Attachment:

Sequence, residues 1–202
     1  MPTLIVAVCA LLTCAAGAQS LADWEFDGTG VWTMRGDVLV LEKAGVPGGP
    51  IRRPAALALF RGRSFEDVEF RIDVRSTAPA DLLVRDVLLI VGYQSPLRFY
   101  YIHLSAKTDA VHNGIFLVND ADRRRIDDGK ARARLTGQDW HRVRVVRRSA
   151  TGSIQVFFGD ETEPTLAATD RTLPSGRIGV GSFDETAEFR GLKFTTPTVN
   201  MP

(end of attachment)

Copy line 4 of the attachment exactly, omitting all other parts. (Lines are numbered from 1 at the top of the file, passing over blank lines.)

   101  YIHLSAKTDA VHNGIFLVND ADRRRIDDGK ARARLTGQDW HRVRVVRRSA